Chesapeake Bay Retriever
Originating from his namesake where he was bred to work the cold waters of the bay for waterfowl, the Chesapeake Bay Retriever shares many of the qualities of the more well-known Labrador or golden retriever. Intelligent, athletic and with a generous nature, this medium sized hunting dog is characterized by a tan or brown wavy, oily coat, webbed feet and an easy ability to swim in icy cold water. Bred to retrieve ducks and other fowl from the water, they were also used to protect their master’s guns and boat, and as such is a loyal dog that looks to his human for direction. A little slower to mature than quick-witted labs, the Chesapeake can be a little stubborn and so needs considered and focused training, but the results are worth it. They are also determined animals with an almost tireless energy which makes them perfect for long days hunting by the water. And their loyalty means they are kind and lively companions that are a total pleasure to have around.
Bred in the US from English fox hounds, the American variety also has a place in US history, as the dog of choice for George Washington. The clue is in the name as to what this hunting dog was originally bred for, and as a large scent dog they are more than up to the fox hunting job, evolving to also hunt larger game such as deer. With their long limbs and athletic body, the American Foxhound is an adept runner, with the stamina to track down their prey. As a breed, the foxhound also thrives on the chase, and can hunt with his human or as part of a pack. Their look is beagle-like, with the same tri-colors and scent-driven demeanor. But unlike the stockier beagle, the American foxhound is a leaner machine, adding to their reputation for athleticism. And while they are precise and determined hunters, take them out of the field and into the home, and they can make easy-going, loyal family pets.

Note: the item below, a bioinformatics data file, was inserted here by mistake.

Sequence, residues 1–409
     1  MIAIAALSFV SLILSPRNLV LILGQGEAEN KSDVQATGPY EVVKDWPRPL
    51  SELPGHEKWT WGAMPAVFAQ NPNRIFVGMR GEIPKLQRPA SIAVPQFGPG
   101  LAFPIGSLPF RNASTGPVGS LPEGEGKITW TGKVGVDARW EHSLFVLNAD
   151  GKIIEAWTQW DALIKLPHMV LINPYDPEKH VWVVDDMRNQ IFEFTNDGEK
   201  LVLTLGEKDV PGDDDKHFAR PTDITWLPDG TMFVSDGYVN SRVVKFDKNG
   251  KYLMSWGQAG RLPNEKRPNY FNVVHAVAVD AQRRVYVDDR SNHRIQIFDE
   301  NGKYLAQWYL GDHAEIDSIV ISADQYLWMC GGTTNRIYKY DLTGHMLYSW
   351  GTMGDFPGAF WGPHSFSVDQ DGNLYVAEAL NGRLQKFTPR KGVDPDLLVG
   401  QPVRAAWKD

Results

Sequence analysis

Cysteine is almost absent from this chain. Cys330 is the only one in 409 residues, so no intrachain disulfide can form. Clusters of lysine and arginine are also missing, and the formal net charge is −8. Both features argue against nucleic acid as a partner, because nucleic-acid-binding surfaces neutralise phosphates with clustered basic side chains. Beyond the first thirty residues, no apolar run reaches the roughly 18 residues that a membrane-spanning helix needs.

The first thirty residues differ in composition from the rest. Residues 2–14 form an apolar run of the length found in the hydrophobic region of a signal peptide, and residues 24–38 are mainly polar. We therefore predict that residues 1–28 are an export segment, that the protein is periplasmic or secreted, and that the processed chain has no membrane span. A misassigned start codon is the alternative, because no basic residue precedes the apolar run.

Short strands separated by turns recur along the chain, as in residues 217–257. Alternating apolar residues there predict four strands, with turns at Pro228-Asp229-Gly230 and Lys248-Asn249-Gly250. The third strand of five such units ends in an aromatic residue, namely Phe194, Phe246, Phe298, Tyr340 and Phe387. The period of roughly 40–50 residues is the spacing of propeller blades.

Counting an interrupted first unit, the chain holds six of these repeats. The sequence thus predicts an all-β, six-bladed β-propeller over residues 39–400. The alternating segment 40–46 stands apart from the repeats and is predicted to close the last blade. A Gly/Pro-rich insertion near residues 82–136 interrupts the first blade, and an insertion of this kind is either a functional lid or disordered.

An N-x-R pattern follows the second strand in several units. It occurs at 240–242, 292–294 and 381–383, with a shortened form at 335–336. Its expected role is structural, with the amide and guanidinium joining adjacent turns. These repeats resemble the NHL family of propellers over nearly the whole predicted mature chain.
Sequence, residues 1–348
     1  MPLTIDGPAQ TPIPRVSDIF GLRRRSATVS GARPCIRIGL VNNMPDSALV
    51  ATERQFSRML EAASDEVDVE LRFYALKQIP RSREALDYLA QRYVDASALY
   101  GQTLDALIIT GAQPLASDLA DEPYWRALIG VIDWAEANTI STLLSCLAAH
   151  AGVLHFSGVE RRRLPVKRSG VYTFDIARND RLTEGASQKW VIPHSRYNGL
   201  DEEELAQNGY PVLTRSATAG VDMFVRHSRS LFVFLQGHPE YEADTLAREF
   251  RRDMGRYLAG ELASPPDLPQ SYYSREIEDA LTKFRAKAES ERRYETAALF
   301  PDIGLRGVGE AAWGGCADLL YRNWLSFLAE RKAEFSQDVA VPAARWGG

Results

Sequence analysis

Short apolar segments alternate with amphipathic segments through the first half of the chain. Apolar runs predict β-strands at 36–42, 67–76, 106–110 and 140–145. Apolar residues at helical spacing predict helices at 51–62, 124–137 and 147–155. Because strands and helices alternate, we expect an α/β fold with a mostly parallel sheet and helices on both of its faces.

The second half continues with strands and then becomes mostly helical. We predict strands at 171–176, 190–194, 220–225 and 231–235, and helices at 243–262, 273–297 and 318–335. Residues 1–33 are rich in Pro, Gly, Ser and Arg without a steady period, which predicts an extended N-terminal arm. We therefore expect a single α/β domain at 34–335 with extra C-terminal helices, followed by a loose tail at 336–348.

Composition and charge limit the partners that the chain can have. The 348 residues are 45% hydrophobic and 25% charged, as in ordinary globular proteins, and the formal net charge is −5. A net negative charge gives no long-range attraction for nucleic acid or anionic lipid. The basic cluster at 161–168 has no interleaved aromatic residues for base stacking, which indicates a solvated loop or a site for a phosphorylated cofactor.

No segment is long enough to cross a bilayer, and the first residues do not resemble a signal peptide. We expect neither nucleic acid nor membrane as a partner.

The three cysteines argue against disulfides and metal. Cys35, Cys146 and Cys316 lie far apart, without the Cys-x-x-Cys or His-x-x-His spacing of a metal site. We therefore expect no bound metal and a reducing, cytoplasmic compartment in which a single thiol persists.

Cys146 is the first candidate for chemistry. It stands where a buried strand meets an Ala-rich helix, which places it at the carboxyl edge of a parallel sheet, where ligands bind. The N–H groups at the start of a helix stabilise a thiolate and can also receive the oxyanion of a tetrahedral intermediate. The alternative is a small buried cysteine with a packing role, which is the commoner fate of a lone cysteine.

Also known as the English Pointer, this lithe hound is a versatile hunting dog, working easily on both land and water. Predominately used as bird dogs, the pointer’s strong sense of smell also makes it an adept tracker, with their name coming from their ‘pointing’ behavior.
Once the pointer gets a scent of their prey, they’ll freeze and point their body towards the prey rather than going in to flush them out. As a hunting dog, the pointer is best suited to milder climates, as their coat is short and dense to keep them cool. And with their lean, tall body, they are effective runners with a determination to find their prey taking their hunting endurance to another level. Other popular pointer breeds include the German shorthaired and the German wirehaired and all share the same tenacity, alertness and athleticism. The pointer is a hunting dog that knows its job and is happy to get on with it, working well with his human handler to bring back the bounty. And with their drive and trainability as well as energy, they can make a wonderful canine addition to a fun-loving and active family.